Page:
Blue Star Creeper -

(Isotoma axillaris 'Blue Stars')

Groundcover Plants


Other Common Names: Laurentia, Rock Isotome, Laurentia Floviatilis, Isotoma Fluvatilis, Laurentia Axillaris
Family: Campanulaceae Genus: Isotoma Species: axillaris Cultivar: 'Blue Stars'
Blue Star CreeperBlue Star CreeperBlue Star CreeperBlue Star CreeperBlue Star CreeperBlue Star CreeperBlue Star CreeperBlue Star Creeper
Gardenality.com Planted · 10 years ago
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Gardenality.com

Gardenality.com · Gardenality Genius · Zone 8A · 10° to 15° F · Comment About Planting
Blue Star Creeper is a mat-forming perennial groundcover perfect for planting between stepping stones, as a groundcover in landscape and garden beds, under roses and Japanese maples, or in pots. It does best in well-drained but somewhat moist soils. You might need to provide some supplemental water during a drought. Grows well in full sun or part shade. Afternoon shade is appreciated.

7 years ago ·
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Gardenality.com

Gardenality.com · Gardenality Genius · Zone 8A · 10° to 15° F · Comment About Pruning
Blue Star Creeper does not require pruning.

7 years ago ·
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Gardenality.com

Gardenality.com · Gardenality Genius · Zone 8A · 10° to 15° F · Comment About Feeding
I feed my Blue Star Creeper one time a year in spring with a mild organic flower food.

7 years ago ·
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Gardenality.com

Gardenality.com · Gardenality Genius · Zone 8A · 10° to 15° F · Comment About Problems
I've seen no insect, pest or disease problems with Blue Star Creeper. In the absence of average rainfall, during prolonged periods of hot, dry summer weather it may be necessary to provide supplemental water.

7 years ago ·
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Gardenality.com

Gardenality.com · Gardenality Genius · Zone 8A · 10° to 15° F · Comment About Planting
Before planting Blue Star Creeper in mass as a groundcover, it might be necessary to do some site preparation. First, you'll need to eliminate any weeds or grasses that are growing in the planting area. There are many ways to do this however spraying with a weed killer is easiest and most efficient. If you are planting groundcover plants under a tree, and intend to till the soil before planting, be careful not to till to deep and damage tree roots.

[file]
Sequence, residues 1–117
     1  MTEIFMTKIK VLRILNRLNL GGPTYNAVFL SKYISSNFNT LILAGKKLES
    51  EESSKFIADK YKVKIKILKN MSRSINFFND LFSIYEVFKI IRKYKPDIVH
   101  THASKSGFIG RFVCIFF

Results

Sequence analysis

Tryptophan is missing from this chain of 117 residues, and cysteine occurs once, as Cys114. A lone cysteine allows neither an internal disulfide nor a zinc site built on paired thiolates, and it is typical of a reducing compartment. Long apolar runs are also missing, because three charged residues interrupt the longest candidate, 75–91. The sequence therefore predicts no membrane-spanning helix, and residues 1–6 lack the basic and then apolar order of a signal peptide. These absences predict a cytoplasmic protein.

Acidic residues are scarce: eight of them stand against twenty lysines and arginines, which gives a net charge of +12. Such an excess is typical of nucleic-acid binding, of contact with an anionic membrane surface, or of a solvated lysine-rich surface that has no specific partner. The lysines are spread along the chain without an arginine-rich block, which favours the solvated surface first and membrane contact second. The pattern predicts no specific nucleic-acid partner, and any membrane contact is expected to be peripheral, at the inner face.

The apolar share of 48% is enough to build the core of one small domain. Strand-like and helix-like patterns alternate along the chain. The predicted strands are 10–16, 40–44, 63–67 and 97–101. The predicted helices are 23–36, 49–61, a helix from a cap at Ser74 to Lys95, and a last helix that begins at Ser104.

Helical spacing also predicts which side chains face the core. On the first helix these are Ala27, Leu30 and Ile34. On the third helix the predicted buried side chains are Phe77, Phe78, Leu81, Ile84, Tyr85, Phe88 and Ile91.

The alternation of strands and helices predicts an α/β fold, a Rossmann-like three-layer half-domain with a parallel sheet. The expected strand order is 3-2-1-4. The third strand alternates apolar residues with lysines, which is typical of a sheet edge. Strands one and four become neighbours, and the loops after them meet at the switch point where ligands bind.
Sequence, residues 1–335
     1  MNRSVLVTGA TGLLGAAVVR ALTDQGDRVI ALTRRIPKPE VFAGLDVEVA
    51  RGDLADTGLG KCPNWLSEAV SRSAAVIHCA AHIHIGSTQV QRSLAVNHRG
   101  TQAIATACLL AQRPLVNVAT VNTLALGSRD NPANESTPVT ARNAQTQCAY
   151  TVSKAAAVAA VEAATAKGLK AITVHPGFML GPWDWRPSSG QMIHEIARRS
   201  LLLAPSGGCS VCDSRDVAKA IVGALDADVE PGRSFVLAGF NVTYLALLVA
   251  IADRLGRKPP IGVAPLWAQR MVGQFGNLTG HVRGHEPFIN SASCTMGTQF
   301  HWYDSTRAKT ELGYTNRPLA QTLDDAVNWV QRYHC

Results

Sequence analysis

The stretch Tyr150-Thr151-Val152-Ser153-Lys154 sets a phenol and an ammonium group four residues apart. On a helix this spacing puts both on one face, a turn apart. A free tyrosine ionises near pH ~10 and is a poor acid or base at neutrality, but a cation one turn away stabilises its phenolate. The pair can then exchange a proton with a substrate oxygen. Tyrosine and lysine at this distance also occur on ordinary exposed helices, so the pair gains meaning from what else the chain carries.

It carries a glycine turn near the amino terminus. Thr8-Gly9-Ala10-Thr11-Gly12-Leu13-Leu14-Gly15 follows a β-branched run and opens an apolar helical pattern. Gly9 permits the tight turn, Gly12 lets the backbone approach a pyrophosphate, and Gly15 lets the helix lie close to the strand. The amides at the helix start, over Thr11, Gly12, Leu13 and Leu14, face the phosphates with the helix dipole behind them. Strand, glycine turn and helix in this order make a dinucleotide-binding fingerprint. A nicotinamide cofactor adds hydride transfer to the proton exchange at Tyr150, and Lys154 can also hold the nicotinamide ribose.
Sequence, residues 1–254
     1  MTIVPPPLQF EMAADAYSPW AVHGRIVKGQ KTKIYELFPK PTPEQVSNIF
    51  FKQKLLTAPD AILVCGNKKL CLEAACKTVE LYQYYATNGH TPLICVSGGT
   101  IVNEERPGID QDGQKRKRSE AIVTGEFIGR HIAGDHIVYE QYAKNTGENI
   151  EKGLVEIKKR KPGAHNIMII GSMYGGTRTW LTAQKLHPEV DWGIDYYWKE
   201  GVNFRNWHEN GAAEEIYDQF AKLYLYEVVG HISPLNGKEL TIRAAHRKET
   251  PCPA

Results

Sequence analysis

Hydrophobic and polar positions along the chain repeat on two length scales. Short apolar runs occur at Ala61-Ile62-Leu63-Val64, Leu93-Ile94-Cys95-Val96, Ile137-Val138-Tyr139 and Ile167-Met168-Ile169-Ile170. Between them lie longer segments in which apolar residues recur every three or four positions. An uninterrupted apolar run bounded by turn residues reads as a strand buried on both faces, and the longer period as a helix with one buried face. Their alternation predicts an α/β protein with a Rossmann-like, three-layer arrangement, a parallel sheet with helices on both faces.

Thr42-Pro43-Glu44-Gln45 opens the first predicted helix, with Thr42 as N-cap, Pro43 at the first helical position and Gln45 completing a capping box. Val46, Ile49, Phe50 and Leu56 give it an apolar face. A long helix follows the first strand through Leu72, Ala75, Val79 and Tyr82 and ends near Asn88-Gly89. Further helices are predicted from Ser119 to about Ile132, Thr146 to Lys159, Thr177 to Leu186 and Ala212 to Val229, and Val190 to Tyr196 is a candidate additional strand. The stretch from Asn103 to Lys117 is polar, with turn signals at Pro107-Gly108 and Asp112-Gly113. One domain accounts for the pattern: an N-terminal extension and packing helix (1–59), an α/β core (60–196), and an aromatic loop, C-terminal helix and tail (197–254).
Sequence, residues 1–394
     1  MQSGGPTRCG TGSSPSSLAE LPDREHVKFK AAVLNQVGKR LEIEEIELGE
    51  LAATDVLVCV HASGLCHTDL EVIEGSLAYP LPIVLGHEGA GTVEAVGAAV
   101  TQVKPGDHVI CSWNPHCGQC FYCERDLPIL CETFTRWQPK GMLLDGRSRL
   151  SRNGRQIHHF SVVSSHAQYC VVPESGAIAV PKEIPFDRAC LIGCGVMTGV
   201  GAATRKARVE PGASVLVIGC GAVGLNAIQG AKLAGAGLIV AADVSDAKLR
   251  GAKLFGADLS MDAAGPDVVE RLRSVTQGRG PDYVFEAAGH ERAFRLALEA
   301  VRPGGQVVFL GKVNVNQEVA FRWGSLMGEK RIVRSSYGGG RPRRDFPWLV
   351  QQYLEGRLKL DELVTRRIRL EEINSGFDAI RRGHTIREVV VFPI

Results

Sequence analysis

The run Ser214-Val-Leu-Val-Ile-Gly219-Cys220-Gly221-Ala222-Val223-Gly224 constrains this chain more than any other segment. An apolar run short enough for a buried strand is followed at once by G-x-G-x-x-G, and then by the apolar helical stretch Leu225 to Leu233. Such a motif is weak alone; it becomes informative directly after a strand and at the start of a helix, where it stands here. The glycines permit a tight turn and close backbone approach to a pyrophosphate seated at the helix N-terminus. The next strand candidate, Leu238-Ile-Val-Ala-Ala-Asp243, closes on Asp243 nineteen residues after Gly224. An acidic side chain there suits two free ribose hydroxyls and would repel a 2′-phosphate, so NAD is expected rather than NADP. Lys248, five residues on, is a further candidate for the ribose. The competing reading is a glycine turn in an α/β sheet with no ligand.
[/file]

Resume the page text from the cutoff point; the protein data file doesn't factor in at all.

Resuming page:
Next you'll need to determine how many plants will be required to fill the area. To do so, measure and multiply the length by the width of the planting area to determine total square feet. Then decide how far you want to space you groundcover plants. You can then use a plant calculator to easily determine how many plants you'll need to fill the area. Here's a link to a plant calculator in Gardenality:

http://www.gardenality.com/Articles/687/Resources/Calculations/How-To-Calculate-Plants-Per-Square-Feet/default.html

Depending on how fast you want to the groundcover plants to fill and cover the area, I recommend spacing them about half the distance as their listed, mature width. If the plant is listed to grow 18 inches in width, space the plants 9 to 12 inches apart. When planting between stepping stones or pavers it might be necessary to divide plants into smaller sections that will fit between gaps. Before planting, space all plants out in the planting area, or use marking paint to mark the planting spots. Begin by setting out a row of plants along the edge of the perimeter, making sure to space them at a distance far enough from the edge to allow for future spreading. For example, plants that are spaced 12 inches apart should be spaced at a distance of at least 6 inches from the edge of the bed or surfaced area. After setting out the first row, stagger the plants on the second row, and so on until you have filled the area. After all of the plants have been set in place, or marked, you may begin planting. If you mulched the planting area in advance of planting, rake back a small area of the mulch in order to dig planting hole. To plant, dig a hole 2 times as wide, or more, than the container the plant came in. Mix in an organic soil ammendment such as mushroom compost at a 50/50 ratio with the soil removed from the planting hole. Remove the plant from the container and scratch root ball to loosen feeder roots. Place plant in hole making sure that the top edge of the root ball is level or slightly above the level of the ground. Backfill around the rootball with soil mixture tamping lightly as you go to remove air pockets. Water thoroughly and cover with a 1 to 2 inch layer of mulch if you haven't already done so.

6 years ago ·
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